Becoming Human. A Lenten journey.

Icon of the Sundays of Lent.Despite those elements that seem to legitimize the fleeting nature of humanity (and creation for that matter), making it something akin to a candle in the wind, Orthodox Christians have never been able to understand that the tragedies of sickness disease, weakness, want, and untimely death (sadly, characteristics of life), are what we are created for.

It is profoundly tragic to see life as a “One day it is here, and the other it has vanished as if it never existed” kind of storyline.

From the beginning, Christians have always held that humanity was created out of love to live in the Trinitarian life of endless love, to reign in peace and joy with its Creator, having received everything including the vocation to be divine according to the Lord’s likeness in which Adam and Eve were created.

The tragedy is that, in Adam and Eve, humans chose to take that life on their own terms, independent of their Creator and God, independent of the divine life shared with them out of love.

Instead of trusting the Lord, they feared Him, instead of offering thanksgiving, they cursed, instead of sharing, they coveted, instead of living in the eternity of a loving relationship, they and their heirs died.

The life given was that of bearing the likeness of God. Sorrowfully, the life chosen was the likeness of the lifeless soil humanity was formed from. No matter how rich and nutritious that soil might be, without seeds, water, light and cultivation, it can never grow, let alone bear fruit. It is only ever being about blown by the elements from one place and age to the next.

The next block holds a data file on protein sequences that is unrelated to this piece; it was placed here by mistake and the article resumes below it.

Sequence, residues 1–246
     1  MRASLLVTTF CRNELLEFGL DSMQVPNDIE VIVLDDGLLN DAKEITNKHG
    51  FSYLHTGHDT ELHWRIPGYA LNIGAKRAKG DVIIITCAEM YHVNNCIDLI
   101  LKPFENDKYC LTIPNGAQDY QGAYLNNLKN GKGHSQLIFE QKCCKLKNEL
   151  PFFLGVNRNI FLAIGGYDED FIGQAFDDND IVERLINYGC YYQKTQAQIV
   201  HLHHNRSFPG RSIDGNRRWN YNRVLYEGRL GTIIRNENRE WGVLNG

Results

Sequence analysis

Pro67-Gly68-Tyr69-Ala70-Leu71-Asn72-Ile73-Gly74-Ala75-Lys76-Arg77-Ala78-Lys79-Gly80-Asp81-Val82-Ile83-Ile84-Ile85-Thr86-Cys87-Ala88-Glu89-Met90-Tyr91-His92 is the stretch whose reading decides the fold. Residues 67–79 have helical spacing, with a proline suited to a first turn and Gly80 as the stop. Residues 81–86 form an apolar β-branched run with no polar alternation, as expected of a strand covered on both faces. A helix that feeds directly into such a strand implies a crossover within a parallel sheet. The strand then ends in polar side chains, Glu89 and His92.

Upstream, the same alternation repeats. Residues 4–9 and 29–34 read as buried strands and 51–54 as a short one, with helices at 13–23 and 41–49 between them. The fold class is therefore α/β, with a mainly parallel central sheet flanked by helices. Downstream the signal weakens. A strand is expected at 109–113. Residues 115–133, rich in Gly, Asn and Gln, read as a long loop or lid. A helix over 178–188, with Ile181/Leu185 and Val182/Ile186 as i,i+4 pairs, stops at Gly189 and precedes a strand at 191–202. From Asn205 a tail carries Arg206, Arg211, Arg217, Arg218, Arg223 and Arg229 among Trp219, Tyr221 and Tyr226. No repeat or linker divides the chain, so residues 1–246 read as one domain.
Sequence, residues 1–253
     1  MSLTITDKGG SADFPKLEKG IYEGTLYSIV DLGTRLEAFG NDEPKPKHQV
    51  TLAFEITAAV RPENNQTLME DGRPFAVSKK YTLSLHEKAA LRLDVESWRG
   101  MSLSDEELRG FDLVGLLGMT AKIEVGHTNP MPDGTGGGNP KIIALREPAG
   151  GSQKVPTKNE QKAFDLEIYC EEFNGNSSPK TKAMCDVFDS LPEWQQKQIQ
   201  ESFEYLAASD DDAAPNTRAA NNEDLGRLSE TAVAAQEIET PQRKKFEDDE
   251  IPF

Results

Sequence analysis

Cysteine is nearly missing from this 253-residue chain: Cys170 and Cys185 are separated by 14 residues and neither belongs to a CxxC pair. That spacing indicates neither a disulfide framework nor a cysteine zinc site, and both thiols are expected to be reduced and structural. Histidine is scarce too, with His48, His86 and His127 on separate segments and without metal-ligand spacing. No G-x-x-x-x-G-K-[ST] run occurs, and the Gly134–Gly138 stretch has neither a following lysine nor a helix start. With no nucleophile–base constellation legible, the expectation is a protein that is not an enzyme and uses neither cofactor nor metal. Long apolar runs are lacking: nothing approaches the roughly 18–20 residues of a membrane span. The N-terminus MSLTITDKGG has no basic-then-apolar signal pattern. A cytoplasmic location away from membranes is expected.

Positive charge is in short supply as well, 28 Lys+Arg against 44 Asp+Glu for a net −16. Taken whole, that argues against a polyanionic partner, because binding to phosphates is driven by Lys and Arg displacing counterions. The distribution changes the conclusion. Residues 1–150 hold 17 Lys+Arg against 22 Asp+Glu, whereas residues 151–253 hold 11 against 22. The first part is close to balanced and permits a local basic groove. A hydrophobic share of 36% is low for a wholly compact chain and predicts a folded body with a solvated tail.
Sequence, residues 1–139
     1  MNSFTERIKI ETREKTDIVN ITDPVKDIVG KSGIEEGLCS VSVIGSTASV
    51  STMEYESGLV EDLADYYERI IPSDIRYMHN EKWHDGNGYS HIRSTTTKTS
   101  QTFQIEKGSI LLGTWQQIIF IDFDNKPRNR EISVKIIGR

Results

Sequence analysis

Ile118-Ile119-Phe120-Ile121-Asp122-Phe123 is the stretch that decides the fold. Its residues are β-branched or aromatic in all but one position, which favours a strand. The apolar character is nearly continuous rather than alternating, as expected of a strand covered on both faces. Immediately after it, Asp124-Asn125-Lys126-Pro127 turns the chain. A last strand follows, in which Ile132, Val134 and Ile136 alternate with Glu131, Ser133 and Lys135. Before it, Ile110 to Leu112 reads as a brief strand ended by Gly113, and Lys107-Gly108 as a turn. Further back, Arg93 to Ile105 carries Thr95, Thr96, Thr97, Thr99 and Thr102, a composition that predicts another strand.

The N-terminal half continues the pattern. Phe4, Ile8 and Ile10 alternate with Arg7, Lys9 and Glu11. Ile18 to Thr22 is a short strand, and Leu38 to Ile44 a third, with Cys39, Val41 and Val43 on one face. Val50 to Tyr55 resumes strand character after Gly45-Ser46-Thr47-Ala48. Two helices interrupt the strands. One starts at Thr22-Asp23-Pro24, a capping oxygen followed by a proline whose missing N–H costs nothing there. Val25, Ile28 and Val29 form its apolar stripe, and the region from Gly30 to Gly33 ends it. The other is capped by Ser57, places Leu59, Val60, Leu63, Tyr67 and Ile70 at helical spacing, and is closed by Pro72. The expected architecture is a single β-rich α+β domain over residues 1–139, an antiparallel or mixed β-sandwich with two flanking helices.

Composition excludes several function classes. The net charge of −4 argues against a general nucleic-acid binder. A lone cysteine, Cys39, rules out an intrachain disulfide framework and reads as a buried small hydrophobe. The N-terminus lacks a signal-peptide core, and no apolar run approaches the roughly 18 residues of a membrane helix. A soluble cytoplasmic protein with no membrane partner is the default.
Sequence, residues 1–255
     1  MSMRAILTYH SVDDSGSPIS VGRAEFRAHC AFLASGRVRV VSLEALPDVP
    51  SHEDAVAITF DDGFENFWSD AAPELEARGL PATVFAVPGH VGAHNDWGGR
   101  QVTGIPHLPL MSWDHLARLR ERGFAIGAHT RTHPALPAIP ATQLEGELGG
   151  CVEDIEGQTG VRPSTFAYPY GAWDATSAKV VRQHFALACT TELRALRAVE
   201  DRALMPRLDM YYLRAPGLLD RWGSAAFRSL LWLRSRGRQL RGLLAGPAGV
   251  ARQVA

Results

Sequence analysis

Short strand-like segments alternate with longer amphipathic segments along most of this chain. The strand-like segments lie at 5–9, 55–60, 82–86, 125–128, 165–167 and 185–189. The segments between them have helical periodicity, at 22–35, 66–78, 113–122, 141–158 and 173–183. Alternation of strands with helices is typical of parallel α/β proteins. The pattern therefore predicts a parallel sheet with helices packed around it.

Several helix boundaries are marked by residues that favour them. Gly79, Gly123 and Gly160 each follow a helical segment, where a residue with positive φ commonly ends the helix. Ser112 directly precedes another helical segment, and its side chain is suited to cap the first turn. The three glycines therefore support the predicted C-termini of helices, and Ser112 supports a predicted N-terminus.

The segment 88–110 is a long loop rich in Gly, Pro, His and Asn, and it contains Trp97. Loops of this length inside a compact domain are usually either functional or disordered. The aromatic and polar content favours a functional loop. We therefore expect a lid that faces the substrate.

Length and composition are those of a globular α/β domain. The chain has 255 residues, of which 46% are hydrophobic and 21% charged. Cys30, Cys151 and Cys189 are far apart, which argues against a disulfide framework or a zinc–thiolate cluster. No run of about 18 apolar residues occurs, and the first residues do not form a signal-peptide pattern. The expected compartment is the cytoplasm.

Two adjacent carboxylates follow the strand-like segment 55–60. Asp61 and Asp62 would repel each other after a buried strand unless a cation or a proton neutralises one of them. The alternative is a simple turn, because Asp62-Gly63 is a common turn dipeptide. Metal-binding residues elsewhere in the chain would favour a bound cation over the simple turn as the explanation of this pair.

It is for this reason that the Lord acts to save humanity by assuming it. He did this not by occupying some shell or mask, but by totally empting Himself out of love, so that he would share everything in common with us, including death (Phil. 2:6-8).  And by His Resurrection on the third day, the Lord shares with us that victory over the tragedies that make life seem so trivial and futile.

This victory celebrated every Sunday, the foretaste of the Lord’s Resurrection (Pascha), a feast we now find ourselves in preparation to celebrate, is ultimately the restoration of humanity to what it was meant to be: a communion of life in life, of light in light, of truth in truth. This communion is eternal and fresh, offered without cost or measure out of love, to everyone and anyone.

This Lenten season requires labour and discipline in our lives, looking  beyond the temptation living life on our own terms, independent of God or neighbour, to the Lord who looks beyond our sin and errors to save us.

So we pray, that this fast be a time of accepting the work of the Holy Spirit, that seed of hope and life, the Lord working with us and in us. May we water this seed with the tears of our repentance and contrition and warm it with rays of good works, sacrifice, mercy and peace, offered to our neighbour as to the Lord. May this be a time in which we cultivate it with a life in the Church, offering constant thanksgiving and prayer, inspired by the scriptures and the saints who teach, admonish and intercede, so that we might truly become human, and “grow up in every way into Him who is the head, into Christ” (Eph. 4:15), bearing the fruit of eternal life, according to the likeness we were created in.